Youth representatives in Parliament call for more and healthier school meals

6 March 2024
The Youth Select Committee heard evidence regarding young people’s experiences of the cost-of-living crisis. Its report has been published, calling for free school meals to be expanded and improved.

The report of the Youth Select Committee, published today, looks at how the cost-of-living crisis has been affecting various elements of young people’s lives. Its first chapter is all about food, and it goes on to discuss education, employment, and mental health, amongst other things.

Access to nutritious food has decreased, exacerbating health disparities among young people and their families, particularly those with limited financial resources. The soaring cost of healthier food options, which are often twice as expensive per calorie compared with unhealthier alternatives, forces young people and their families to make unhealthy choices and can result in long-term health consequences.

- The impact of the cost of living crisis on young people, Youth Select Committee 2024

The report makes clear the level of need across the country. The Joseph Rowntree Foundation estimated there were one million destitute children in the UK in 2022. Our friends at Child Poverty Action Group estimate that one in three (900,000) children living in poverty in England is ineligible for a free school meal due to the draconian eligibility criteria. These figures support the Committee’s recognition that “young people are having to have fears and worries they shouldn’t have to have, like if they will have food that day or not.”

Our Senior Policy and Campaigns Officer, Sean Turner, gave evidence to the committee, and pointed out the unfairness of the postcode lottery. Children’s access to good nutrition is currently far too dependent on where they grow up. This is borne out in data showing those in the poorest communities are twice as likely as those in the wealthiest to develop food-related ill health.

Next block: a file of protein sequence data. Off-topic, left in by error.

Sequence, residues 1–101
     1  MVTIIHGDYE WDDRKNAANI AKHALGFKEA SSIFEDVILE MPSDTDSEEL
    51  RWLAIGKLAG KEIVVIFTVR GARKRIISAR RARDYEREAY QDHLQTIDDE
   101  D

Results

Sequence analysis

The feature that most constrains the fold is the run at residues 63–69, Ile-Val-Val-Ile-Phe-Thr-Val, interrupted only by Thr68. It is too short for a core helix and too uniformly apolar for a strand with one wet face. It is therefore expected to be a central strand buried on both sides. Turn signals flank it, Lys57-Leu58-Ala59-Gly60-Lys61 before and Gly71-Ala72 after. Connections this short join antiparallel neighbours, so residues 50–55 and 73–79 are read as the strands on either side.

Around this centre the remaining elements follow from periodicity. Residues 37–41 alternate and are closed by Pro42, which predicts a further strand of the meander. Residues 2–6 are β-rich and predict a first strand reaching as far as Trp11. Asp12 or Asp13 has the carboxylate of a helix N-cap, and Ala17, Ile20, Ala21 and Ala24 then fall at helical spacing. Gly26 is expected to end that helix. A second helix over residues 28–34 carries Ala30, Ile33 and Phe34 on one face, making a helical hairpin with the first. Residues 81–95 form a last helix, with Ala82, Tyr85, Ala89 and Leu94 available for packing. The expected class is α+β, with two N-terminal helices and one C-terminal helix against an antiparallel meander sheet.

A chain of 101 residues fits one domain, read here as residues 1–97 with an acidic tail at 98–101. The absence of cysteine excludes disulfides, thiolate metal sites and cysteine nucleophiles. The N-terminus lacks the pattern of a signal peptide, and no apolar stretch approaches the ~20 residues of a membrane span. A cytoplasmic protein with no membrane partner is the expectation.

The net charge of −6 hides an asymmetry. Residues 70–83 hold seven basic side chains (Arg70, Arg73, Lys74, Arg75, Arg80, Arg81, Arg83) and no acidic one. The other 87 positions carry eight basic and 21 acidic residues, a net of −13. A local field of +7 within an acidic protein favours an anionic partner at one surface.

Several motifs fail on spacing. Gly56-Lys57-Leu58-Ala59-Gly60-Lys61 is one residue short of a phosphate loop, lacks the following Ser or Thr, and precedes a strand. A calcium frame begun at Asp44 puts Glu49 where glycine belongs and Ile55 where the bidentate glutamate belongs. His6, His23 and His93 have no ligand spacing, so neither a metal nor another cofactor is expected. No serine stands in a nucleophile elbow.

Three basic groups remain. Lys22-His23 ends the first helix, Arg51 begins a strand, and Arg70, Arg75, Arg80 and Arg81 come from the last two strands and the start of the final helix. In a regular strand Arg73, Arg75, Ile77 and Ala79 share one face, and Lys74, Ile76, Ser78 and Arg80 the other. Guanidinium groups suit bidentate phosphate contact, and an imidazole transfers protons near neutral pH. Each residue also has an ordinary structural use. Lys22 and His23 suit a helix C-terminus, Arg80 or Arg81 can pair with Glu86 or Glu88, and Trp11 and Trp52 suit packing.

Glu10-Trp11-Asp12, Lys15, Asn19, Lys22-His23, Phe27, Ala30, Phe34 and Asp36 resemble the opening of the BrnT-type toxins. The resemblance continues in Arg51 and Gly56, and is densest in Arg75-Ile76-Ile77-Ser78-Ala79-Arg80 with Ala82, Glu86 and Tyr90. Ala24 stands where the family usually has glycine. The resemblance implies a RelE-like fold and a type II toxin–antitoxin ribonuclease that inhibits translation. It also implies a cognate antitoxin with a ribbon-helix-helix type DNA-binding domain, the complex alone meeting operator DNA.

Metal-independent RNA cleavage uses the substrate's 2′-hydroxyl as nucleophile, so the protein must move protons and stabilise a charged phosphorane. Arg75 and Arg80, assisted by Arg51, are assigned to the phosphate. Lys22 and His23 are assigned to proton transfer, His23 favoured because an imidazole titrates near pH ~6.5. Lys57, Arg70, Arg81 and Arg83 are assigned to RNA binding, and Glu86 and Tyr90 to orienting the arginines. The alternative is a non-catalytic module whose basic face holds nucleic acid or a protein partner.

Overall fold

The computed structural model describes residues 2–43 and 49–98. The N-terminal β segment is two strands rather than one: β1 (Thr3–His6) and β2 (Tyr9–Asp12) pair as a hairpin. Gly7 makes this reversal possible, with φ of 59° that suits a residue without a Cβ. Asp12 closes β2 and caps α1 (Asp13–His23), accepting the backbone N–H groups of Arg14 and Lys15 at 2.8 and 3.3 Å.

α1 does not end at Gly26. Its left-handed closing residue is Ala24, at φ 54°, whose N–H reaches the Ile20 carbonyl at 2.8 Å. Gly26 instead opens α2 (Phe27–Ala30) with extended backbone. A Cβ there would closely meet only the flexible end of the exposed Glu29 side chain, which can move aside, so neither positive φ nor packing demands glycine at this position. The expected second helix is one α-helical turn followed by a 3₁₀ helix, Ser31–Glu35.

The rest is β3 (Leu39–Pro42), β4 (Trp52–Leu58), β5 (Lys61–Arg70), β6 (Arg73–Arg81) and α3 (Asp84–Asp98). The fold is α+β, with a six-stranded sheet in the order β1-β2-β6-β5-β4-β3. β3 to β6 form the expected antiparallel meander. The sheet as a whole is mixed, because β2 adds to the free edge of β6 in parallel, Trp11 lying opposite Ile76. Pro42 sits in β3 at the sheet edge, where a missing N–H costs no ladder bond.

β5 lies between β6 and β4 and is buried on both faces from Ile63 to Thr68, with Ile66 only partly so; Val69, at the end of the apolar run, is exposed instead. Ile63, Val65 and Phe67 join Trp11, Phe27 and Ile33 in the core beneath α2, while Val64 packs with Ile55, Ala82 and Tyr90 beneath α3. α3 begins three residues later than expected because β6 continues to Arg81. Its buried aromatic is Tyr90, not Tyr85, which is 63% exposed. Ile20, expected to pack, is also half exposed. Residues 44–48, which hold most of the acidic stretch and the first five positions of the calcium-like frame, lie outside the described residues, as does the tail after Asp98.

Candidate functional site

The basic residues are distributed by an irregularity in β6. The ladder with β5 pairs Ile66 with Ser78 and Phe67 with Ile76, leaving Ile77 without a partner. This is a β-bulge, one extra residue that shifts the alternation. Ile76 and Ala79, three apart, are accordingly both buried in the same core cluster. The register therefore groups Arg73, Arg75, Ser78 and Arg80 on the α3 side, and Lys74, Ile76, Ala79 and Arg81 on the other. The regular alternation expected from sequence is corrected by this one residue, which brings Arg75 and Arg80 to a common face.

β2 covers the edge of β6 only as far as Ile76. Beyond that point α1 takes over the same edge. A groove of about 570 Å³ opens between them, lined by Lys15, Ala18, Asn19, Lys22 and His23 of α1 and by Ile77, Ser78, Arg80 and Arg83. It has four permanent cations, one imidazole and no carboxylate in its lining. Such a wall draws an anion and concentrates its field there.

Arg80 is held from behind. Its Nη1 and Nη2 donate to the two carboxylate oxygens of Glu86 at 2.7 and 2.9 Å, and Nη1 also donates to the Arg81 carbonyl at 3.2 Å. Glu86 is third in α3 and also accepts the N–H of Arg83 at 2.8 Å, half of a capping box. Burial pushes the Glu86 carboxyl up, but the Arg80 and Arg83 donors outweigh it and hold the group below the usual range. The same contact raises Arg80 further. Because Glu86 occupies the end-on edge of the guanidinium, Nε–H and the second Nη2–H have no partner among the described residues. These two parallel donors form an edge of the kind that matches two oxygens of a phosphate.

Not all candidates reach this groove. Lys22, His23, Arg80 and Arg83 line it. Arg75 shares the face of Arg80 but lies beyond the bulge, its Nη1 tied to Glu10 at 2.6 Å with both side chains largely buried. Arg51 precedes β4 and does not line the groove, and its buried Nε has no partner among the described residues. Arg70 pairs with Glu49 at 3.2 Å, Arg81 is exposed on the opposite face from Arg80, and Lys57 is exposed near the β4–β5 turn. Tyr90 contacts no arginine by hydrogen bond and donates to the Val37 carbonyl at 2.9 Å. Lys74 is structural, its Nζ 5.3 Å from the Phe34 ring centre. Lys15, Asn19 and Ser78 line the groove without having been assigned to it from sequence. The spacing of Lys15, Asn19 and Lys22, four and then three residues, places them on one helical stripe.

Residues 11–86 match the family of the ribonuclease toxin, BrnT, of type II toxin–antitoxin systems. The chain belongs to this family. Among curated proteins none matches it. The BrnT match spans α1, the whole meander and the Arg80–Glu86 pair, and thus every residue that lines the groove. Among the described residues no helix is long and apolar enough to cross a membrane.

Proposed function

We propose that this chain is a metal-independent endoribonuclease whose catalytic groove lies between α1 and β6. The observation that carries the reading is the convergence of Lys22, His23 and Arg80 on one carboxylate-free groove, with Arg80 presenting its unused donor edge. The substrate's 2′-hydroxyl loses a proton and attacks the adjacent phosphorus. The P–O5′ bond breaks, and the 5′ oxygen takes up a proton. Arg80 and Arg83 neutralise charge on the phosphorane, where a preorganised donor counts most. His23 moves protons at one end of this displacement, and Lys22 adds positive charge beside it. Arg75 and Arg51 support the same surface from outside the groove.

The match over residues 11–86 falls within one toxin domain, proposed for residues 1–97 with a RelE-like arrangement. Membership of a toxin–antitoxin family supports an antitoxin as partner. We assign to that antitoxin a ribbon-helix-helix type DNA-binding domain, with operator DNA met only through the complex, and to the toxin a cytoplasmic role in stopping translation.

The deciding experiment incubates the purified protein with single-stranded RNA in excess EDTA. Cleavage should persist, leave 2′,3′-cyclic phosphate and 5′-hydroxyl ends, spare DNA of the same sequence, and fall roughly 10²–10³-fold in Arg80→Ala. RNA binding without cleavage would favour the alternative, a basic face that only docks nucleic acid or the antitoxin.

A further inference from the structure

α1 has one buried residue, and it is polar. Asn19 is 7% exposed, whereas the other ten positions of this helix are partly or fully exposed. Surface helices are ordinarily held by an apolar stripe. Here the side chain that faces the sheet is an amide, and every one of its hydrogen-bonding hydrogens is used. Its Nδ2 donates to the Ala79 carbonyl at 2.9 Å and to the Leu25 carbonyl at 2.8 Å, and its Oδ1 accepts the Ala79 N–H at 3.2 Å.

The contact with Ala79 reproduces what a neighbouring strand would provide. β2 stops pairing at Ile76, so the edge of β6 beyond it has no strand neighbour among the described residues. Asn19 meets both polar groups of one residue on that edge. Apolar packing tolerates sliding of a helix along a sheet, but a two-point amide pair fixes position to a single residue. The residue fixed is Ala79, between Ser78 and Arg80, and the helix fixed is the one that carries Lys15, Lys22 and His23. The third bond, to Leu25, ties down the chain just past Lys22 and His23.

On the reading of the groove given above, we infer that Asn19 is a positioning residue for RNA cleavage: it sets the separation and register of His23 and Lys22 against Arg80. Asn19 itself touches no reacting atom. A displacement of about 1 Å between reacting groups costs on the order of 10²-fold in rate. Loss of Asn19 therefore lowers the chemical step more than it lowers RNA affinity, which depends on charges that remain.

Young people are having to have fears and worries they shouldn’t have to have, like if they will have food that day or not.

- Cheshire East Youth Council written submission to the committee

The Committee recommends that the eligibility criteria for free school meals are extended to ensure all of the 900,000 children in poverty who are currently missing out can access this nutritional safety net. This could be done immediately by the government, and would be a welcome first step towards investing in great school food for all young people, no matter where they grow up.

The Committee has our full support for its other recommendations, including that:

  • Funding for school food should be protected so it is all spent on ensuring great food
  • School food standards should be updated to reflect the latest research on food and health
  • The government should provide an update on progress with its 2020 “Tackling Obesity” policy paper
  • Junk food advertising restrictions should be fully implemented without delay

As we heard in today’s Budget, the current government is not planning to invest in the next generation. We urge them, and any future government, to consider this report, hear the voices of young people, and ensure they have all they need to thrive. A great place to start would be with the report’s opening chapter: ‘access to affordable and nutritious food’.

You can find the report here.